The image shown to the left is one of our climatological sites that constitute the UV radiation monitoring network within the USDA UV-B Monitoring and Research Program. Each site has a suite of instruments that measure downwelling radiation in various agriculturally important regions between 280 and 1040 nanometers. Detailed information about each instrument and each location can be found under the above Monitoring Network link.

UV Index for Jun 27, 2017 Local Time
Graph of UV Index is not available for this location

Latest News
June 2017

Dr. Zempila attended the 45th Global Monitoring Annual Conference (GMAC) that was held on May 23-24 at NOAA, Boulder, CO. GMAC provided a unique platform for Dr. Zempila to interact with research groups that are active in environmental global monitoring activities. Topics discussed included global radiation budgets, ozone, water vapor, and aerosols measuring techniques, along with monitoring of other greenhouse gases, offering the opportunity for an update on the latest developments in the field.

George Janson was honored and recognized for reaching 20 years of service to Colorado State University and our program. Congratulations George.

Dr. Zempila visited the Atmospheric Radiation Measurement (ARM), Southern Great Plains (SGP) facilities on April 11 and 12, 2017. She had a guided tour of the calibration laboratory and intercomparison platform by Mr. Webb. We thank all SGP staff for hosting our scientist.

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Picture of our instruments at various locations
New Zealand
45.04 S
169.68 E


Ultraviolet radiation is an important component of Earth’s environment. Over time, all life on Earth has slowly evolved under the influence of UV radiation. In addition to its effects on humans, this UV energy has been studied on small and large organisms alike, from powdery mildew on wine-grape crops to large-scale rangeland grasses and forests.

Because Earth’s ecosystems have evolved slowly in concert with global climate change, any abrupt modification of UV levels must be taken seriously by the scientific community. Such an abrupt impulse was detected in the mid-to-late period of the last century, when it was discovered that chemicals harmful to the Earth’s protective ozone layer were being emitted by societies across the globe. Satellite measurements soon pointed to significant ozone depletions over Antarctic regions, and later measurements showed similar, though less dramatic and more infrequent, ozone depletions over the Arctic region.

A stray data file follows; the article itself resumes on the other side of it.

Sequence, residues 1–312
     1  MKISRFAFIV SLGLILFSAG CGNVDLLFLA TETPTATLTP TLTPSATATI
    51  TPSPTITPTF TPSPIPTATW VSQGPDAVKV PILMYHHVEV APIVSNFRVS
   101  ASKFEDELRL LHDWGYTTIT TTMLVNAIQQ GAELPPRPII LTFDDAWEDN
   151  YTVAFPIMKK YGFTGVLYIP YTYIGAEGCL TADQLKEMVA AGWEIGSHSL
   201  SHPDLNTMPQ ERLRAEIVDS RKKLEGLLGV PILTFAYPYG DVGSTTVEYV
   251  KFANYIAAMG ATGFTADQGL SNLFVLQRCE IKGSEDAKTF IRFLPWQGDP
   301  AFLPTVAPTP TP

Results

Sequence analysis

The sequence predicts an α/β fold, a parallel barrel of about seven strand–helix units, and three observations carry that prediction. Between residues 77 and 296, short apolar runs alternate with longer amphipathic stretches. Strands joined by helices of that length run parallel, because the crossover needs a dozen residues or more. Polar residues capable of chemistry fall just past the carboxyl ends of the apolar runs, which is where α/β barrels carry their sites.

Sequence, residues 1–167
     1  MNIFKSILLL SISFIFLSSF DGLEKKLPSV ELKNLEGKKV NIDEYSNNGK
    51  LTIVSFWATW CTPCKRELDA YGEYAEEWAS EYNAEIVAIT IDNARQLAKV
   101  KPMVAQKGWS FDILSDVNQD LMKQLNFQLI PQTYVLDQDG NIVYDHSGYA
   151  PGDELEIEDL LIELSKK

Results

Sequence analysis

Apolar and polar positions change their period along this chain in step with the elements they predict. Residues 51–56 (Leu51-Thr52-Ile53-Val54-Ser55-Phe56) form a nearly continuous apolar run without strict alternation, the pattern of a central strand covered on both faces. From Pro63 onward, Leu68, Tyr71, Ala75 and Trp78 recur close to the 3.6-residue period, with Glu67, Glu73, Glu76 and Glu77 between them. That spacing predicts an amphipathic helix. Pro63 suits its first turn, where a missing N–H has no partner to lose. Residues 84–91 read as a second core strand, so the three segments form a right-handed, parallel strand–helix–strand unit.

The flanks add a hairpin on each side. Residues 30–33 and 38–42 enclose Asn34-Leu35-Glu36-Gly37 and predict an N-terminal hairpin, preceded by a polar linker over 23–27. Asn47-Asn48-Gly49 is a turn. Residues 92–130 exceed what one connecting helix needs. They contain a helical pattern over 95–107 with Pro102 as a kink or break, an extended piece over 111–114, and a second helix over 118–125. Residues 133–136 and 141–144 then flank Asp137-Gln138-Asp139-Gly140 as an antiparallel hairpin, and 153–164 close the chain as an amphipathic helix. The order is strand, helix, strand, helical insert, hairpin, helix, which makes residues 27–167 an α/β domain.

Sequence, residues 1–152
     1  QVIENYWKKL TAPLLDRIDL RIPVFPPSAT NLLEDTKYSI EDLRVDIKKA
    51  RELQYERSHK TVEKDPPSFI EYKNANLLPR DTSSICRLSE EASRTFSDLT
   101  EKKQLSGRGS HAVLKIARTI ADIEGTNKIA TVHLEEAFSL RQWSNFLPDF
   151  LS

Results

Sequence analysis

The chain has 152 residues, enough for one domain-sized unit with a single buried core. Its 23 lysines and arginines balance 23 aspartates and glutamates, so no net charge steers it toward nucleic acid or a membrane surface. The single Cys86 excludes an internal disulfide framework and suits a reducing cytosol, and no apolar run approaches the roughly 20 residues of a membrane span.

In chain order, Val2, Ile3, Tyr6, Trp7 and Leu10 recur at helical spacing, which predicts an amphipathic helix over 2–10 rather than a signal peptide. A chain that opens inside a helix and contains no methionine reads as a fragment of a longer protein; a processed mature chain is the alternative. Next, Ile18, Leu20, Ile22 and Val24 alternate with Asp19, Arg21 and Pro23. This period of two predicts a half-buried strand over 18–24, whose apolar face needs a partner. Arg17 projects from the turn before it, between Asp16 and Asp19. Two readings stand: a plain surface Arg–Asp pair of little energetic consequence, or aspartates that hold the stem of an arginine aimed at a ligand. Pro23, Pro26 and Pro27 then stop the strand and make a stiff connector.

Since then, scientists in many disciplines have been investigating possible ramifications of changing UV levels. In 1991, as part of this response, the United States Department of Agriculture (USDA) investigated the need for a nationwide UV monitoring activity. Positive responses from the scientific community prompted USDA to initiate the UV-B Monitoring and Research Program. The program is tasked with establishing a UV climatology and studying the effects of UV radiation on a wealth of agricultural interests including crop plants, animals, rangelands, forests, and people involved in agricultural industries.

Located within Colorado State University’s Natural Resource Ecology Laboratory, the USDA UV-B Monitoring and Research Program (UVMRP):

  • provides high-quality, geographically distributed ultraviolet-B (UV-B) radiation measurements in support of agricultural science research that studies UV-B effects on crops, forests, plants, ecosystems, humans, animals, and aquatic systems;
  • conducts UV-B impact studies on economically important crops and works with researchers nationwide to study the response of crops to UV-B radiation and other environmental stress factors; and
  • collaborates on developing the Climate-Agroecosystem- UV Interactions and Economic (CAIE) system, a comprehensive climate-crop model that assists with predicting effects of climate change on agriculture for the benefit of policymakers.